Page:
LeBron James announced his decision to join the Cleveland Cavaliers last week, and in doing so, managed to (once again) break a few hearts (mine) and induce mass hysteria (almost everyone else). I use the term hysteria, because there are few other words that so accurately describe what has recently taken place.
The Cavaliers are a terrible team. They won only 33 games in a beleaguered Eastern Conference last year, and then proceeded to lose five of their top-ten players this off-season. Despite that, LeBron’s arrival has some NBA “analysts” crowning the Cavs Conference Champs, while Vegas rates Cleveland as the odds-on-favorite to win the title. Therefore, I decided to take an early look at LeBron’s Cavaliers, and determine if these sensational claims have some merit.
The above table is an offensive breakdown of each Cavalier expected to play major minutes this upcoming season. According to ESPN’s Real-Plus-Minus, Cleveland is projected to field five above-average offensive players (disregarding Wiggins, for whom there is no RPM data). Conversely, the Cavs have only three proficient spot-up shooters LeBron can rely on, which could make spacing the floor a difficult task.
On balance however, the situation facing the Cavaliers on the offensive side of the ball is encouraging. Though many of the above players were underwhelming last year, LeBron’s arrival will likely give them a “boost” of sorts, as articulated (clumsily) by this 538 article. Furthermore, many of Cleveland’s players are quite young, and as (correctly) asserted by Jacob Rosen, age is an important factor to consider when projecting future performance.
In short, these Cavs were young and kind of terrible last year, but LeBron’s arrival and some extra seasoning could lead to marked improvement. Unfortunately however, the outlook for Cleveland’s defense is considerably less bright.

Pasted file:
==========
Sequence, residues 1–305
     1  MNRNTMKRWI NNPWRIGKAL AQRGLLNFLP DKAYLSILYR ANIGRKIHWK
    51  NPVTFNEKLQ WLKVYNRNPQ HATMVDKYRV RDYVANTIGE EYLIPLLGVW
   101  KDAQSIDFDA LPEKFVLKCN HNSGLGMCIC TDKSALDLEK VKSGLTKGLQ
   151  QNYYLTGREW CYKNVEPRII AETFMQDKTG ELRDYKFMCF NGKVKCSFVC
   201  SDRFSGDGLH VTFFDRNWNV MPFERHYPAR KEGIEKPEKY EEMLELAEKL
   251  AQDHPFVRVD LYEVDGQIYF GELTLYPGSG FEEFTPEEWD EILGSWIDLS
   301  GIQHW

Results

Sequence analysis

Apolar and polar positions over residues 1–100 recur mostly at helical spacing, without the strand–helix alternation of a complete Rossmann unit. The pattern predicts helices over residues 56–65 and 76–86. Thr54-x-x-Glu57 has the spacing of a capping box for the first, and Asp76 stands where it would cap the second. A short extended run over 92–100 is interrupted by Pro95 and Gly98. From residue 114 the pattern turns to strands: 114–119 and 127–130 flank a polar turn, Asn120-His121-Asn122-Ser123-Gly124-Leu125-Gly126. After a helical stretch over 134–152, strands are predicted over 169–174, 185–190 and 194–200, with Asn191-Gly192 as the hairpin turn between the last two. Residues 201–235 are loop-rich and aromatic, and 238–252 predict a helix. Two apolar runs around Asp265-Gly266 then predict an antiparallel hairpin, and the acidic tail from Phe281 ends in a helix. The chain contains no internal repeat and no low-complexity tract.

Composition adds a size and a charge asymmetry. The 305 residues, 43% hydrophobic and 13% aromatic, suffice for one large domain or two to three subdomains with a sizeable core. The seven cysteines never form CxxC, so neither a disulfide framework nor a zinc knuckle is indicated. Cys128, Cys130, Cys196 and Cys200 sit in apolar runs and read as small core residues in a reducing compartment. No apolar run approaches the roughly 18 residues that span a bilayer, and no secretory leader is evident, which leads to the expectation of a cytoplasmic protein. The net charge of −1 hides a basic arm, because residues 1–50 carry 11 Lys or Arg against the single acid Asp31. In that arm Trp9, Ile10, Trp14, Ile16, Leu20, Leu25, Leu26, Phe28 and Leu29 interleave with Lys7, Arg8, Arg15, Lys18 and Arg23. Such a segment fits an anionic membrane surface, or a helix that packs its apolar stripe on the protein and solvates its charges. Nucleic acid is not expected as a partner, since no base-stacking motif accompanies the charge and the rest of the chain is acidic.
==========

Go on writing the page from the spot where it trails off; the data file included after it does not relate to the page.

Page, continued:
According to Real-Plus-Minus, the Cavaliers will have only one above-average defender next year, and that’s the oft-injured soon to be 32-year-old Anderson Varejao. To make matters worse, while LeBron’s ability to draw defensive attention makes the game easier for his teammates on the offensive side of the floor, it counts for little on defense, meaning no “LeBron boost” this time.
The “young players get better” adage still holds in this situation, though via APM age curves, a player’s defensive peak is closer to age 30 then 25; not ideal for a young Cleveland team that is expected to contend immediately.
The Cleveland Cavaliers are going to be a good team next year. With some significant improvement, a rejuvenated LeBron, and an impressive Wiggins debut, they could even make the NBA Finals. Based on what we know now however, it is simply absurd to consider them anything more then a contender in the East. Their offense is a question mark, and their defense is almost guaranteed to be poor. Kyrie’s ball-dominant style could clash with LeBron, while LeBron himself is on the decline.
So while the prodigal son returning is a great story-line and all, let’s not get ahead of ourselves. LeBron and his Cavs have a long way to go.
Spot-Up data provided by Synergy Sports